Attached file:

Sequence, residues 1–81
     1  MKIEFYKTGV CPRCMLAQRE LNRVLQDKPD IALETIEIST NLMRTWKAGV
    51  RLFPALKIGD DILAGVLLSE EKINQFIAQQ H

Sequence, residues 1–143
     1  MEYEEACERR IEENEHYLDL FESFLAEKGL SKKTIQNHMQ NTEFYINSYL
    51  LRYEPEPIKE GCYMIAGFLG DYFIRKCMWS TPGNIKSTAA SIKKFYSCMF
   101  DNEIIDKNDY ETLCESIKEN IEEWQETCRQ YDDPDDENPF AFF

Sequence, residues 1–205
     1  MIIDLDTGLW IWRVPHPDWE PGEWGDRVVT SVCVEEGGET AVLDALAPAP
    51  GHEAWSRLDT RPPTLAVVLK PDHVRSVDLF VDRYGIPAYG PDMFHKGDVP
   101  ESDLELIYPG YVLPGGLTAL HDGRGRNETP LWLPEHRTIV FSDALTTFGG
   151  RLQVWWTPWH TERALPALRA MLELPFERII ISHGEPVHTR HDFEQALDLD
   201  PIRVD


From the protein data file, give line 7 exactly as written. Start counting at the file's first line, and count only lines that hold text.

   101  DNEIIDKNDY ETLCESIKEN IEEWQETCRQ YDDPDDENPF AFF